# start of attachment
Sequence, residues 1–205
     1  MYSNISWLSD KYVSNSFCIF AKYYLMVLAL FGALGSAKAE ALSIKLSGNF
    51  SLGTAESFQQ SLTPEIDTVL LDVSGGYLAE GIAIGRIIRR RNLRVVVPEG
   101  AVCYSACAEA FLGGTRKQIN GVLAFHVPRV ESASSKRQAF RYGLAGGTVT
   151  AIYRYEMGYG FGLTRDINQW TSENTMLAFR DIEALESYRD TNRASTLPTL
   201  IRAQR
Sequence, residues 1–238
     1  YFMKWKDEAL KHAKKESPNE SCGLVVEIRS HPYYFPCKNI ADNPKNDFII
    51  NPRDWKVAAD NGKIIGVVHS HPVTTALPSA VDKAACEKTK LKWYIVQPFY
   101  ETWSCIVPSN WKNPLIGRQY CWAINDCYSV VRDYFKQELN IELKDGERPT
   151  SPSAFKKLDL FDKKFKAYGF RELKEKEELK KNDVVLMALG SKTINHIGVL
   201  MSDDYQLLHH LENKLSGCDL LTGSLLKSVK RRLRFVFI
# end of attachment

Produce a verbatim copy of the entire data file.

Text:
Sequence, residues 1–205
     1  MYSNISWLSD KYVSNSFCIF AKYYLMVLAL FGALGSAKAE ALSIKLSGNF
    51  SLGTAESFQQ SLTPEIDTVL LDVSGGYLAE GIAIGRIIRR RNLRVVVPEG
   101  AVCYSACAEA FLGGTRKQIN GVLAFHVPRV ESASSKRQAF RYGLAGGTVT
   151  AIYRYEMGYG FGLTRDINQW TSENTMLAFR DIEALESYRD TNRASTLPTL
   201  IRAQR
Sequence, residues 1–238
     1  YFMKWKDEAL KHAKKESPNE SCGLVVEIRS HPYYFPCKNI ADNPKNDFII
    51  NPRDWKVAAD NGKIIGVVHS HPVTTALPSA VDKAACEKTK LKWYIVQPFY
   101  ETWSCIVPSN WKNPLIGRQY CWAINDCYSV VRDYFKQELN IELKDGERPT
   151  SPSAFKKLDL FDKKFKAYGF RELKEKEELK KNDVVLMALG SKTINHIGVL
   201  MSDDYQLLHH LENKLSGCDL LTGSLLKSVK RRLRFVFI